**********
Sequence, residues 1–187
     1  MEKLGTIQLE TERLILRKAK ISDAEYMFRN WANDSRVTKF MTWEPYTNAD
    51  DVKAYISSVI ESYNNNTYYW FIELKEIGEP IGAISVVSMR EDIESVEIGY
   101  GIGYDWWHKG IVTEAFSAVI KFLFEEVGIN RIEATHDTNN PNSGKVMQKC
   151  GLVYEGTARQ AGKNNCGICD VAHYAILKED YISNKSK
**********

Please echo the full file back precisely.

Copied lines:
Sequence, residues 1–187
     1  MEKLGTIQLE TERLILRKAK ISDAEYMFRN WANDSRVTKF MTWEPYTNAD
    51  DVKAYISSVI ESYNNNTYYW FIELKEIGEP IGAISVVSMR EDIESVEIGY
   101  GIGYDWWHKG IVTEAFSAVI KFLFEEVGIN RIEATHDTNN PNSGKVMQKC
   151  GLVYEGTARQ AGKNNCGICD VAHYAILKED YISNKSK